Original Research

Stylometry and characterisation in The Big Bang Theory

Maryka van Zyl, Yolande Botha
Literator | Vol 37, No 2 | a1282 | DOI: https://doi.org/10.4102/lit.v37i2.1282 | © 2016 Maryka van Zyl, Yolande Botha | This work is licensed under CC Attribution 4.0
Submitted: 02 February 2016 | Published: 22 November 2016

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Maryka van Zyl, School of Languages, North-West University, Potchefstroom Campus, South Africa
Yolande Botha, School of Languages, North-West University, Potchefstroom Campus, South Africa

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Dialogue is an important aspect of televisual character construction. Writers make linguistic choices on behalf of characters, and these choices can cause viewers to associate a character with a specific stereotype, subculture or social group. This study examines the linguistic construction of the character Sheldon Cooper in the CBS sitcom The Big Bang Theory. A cluster analysis tree of the speech of each of the five main characters in the first seven seasons (generated by the R script Stylo 0.6.0) indicated that the character of Sheldon Cooper differs from the other main characters (Leonard, Penny, Howard and Rajesh) with respect to linguistic style. These differences were further explored using corpus analysis software (WordSmith 6.0) to identify keywords and lexical bundles and to compare the use of active versus passive voice constructions. Sheldon’s choice of scientific or more formal words and his relative preference for the passive voice typify his linguistic style as expository rather than colloquial.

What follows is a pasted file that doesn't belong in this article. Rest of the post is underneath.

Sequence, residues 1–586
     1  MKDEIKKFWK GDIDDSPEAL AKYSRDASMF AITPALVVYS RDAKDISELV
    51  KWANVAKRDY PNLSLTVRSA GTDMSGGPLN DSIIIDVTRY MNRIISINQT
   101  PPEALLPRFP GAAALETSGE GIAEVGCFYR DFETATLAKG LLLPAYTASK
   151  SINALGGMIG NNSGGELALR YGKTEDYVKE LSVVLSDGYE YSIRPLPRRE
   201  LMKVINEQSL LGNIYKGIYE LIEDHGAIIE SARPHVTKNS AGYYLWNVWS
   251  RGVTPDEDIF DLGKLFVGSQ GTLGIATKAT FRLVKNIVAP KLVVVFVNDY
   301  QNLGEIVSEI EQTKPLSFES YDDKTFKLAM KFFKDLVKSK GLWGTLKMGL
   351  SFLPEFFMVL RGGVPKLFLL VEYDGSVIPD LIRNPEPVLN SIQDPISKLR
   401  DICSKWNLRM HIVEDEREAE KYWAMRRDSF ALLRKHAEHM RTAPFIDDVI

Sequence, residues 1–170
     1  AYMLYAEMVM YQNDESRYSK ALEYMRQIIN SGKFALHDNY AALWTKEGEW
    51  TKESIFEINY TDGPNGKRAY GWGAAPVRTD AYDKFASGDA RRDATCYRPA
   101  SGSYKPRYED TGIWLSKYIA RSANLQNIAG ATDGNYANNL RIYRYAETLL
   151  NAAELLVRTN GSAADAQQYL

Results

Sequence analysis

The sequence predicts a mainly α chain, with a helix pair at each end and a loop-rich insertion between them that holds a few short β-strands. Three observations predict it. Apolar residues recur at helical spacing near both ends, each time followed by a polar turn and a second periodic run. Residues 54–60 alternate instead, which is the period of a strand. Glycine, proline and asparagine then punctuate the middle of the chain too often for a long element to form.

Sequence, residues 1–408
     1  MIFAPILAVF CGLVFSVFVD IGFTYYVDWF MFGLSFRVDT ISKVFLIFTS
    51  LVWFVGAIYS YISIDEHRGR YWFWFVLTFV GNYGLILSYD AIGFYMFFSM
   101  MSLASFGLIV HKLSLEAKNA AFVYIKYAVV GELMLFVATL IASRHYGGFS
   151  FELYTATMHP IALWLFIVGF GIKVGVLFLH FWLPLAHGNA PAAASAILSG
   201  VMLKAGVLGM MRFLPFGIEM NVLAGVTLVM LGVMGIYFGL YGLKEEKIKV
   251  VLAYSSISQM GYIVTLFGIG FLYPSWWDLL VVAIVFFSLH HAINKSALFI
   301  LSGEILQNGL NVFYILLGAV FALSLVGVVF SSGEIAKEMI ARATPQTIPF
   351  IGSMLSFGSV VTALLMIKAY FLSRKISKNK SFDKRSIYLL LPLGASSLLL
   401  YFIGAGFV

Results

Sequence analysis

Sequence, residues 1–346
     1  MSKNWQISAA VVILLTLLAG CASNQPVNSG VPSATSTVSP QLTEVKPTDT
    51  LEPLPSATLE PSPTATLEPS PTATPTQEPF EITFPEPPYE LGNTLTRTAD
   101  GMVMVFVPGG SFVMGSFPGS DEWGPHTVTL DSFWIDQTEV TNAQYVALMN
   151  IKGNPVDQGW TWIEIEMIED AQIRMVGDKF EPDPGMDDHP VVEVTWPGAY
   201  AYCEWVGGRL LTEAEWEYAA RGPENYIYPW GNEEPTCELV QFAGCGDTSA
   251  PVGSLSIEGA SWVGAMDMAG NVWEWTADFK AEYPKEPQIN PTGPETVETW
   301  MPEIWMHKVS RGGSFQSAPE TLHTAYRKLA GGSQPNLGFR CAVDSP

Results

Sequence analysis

Stylometry; discourse; characterisation; ideolect


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